I would be very leery of a youtube channel recommending a palm sander, a square based sander regardless of whether it is an orbital like the speed block or a linear sander. If it is just a random orbit with a square pad, that's fine. But orbital sanders leave marks, linear sanders are terribly slow. Neither is really necessary. Somebody who thinks they are necessary is not a very knowledgable woodworker. Some of us use them because we still have them from earlier times, at least that is my case, before random orbit sanders became popular and readily available. I do like the soft edge of the speed block for routed edges but I could get a soft pad for my random orbit sanders.

  12. #12
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    I have heard that having a 1/4 sheet palm sander is a necessity and I am not sure why?
    Because people will say anything. Especially on an old YT vid. Doesn't mean they know what they're talking about, even though my opinion is no better than theirs.


    I don't know why 1/4 sheet palm sanders even exist anymore. Getting in the corners isn't even a valid reason
    I'm in this camp too. I suspect they exist becasue sheet sandpaper is still sold everywhere and the R&D, tooling , ect... is paid for. And most importantly because people must still buy them.


    I used to have a DeWalt palm sander
    That one is pretty darn good considering.......... I have its progenitor from B&D Professional of the early 80's. It is a smooth sheet sander, relatively compact and it had dust collection before anyone else thought of such a thing or companies like Festool ever thought of selling that as a "feature". However it wasn't really aggressive, not particularly fine, not great at dust management, and then was shipped outa country to be built. The sun has set on it.

    I keep mine just because, and to loan out if some one wants to borrow a sander. I bet I haven't used it in at least ten years. You'll have to buy your own festool or mirka, cause ya ain't gettin mine.



    I would be very leery of a youtube channel recommending a palm sander, a square based sander regardless of whether it is an orbital like the speed block or a linear sander.
    Can't agree with this. But, perhaps you meant to say 1/4 sheet sander ?

    If you really want to get into corner, this machine is a real gem. Note the angled sides of the pad - keeps the sander/paper from buggering up the verticals of your work.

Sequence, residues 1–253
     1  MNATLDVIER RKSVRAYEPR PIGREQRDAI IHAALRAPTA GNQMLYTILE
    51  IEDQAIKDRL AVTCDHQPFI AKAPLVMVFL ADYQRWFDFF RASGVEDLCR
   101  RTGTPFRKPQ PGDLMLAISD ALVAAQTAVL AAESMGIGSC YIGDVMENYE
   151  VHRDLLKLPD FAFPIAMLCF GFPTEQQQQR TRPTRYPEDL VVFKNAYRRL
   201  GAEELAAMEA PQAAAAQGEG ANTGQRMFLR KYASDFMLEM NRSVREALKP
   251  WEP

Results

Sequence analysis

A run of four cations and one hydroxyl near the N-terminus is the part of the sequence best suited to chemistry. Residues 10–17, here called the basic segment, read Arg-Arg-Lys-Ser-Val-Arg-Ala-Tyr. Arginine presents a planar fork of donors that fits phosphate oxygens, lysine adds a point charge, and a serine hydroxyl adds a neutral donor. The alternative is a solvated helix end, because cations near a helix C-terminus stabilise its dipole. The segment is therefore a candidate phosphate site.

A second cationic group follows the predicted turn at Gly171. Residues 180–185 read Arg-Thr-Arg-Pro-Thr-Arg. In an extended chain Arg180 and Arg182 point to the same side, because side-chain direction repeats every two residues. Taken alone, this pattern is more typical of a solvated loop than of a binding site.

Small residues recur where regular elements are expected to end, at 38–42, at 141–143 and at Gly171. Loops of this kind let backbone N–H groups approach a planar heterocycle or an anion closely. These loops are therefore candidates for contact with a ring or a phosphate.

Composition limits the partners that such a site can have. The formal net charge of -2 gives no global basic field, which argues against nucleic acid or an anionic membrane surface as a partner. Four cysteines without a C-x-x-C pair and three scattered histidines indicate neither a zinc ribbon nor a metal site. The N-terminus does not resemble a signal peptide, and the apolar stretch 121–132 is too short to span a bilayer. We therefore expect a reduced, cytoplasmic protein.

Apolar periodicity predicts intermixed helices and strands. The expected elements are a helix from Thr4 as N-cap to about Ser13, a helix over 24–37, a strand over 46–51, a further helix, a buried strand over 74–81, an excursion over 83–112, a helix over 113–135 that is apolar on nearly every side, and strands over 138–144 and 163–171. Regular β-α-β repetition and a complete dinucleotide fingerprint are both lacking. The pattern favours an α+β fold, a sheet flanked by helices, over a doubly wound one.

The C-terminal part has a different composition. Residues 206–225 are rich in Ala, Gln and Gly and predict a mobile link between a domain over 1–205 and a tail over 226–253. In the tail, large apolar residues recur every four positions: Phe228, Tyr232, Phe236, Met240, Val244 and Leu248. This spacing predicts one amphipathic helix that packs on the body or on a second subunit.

https://www.mirka.com/en-CA/DEOS-353...-MID3530201US/

    And there are plenty of YT videos of talented craftsmen using this sander (and competitors) for lots of tasks. With thick / multiple foam pads, they're great for trim profiles found on cabinet doors or on stair spindles and rails. Face frames too !
    Last edited by Dave Sabo; 10-19-2020 at 10:26 PM.

  13. #13
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    Quote Originally Posted by Dave Sabo View Post
    If you really want to get into corner, this machine is a real gem. Note the angled sides of the pad - keeps the sander/paper from buggering up the verticals of your work.

    https://www.mirka.com/en-CA/DEOS-353...-MID3530201US/

    And there are plenty of YT videos of talented craftsmen using this sander (and competitors) for lots of tasks. With thick / multiple foam pads, they're great for trim profiles found on cabinet doors or on stair spindles and rails. Face frames too !
    I'm certain I don't need or want a sander with Bluetooth that pairs to an app.

  14. #14
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    After being very happy with my Mirka Deros and selling my last remaining Festool sanders I purchased the following two Mirka DEOS sanders: 383 (rectangular) and 663 (delta). So far used the rectangular one for sanding some larger mirror frames I made out of cherry. Love that sander! Excellent ergonomics, excellent dust collection and the right amount of aggressiveness. It uses the same Abranet abrasives that come in a roll and used with the Mirka hand sanding blocks (with dust hookup), which I had on hand already.

    So, I think there is definitely a case for this type of sander in addition to a ROS.

  15. #15
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    Quote Originally Posted by Richard Coers View Post
    I'm certain I don't need or want a sander with Bluetooth that pairs to an app.
    I don’t need that either, but it’s not necessary or required for use. Seems useful for those Kaizen / Six Sigma warriors who want to quanTify everything down to the nth degree.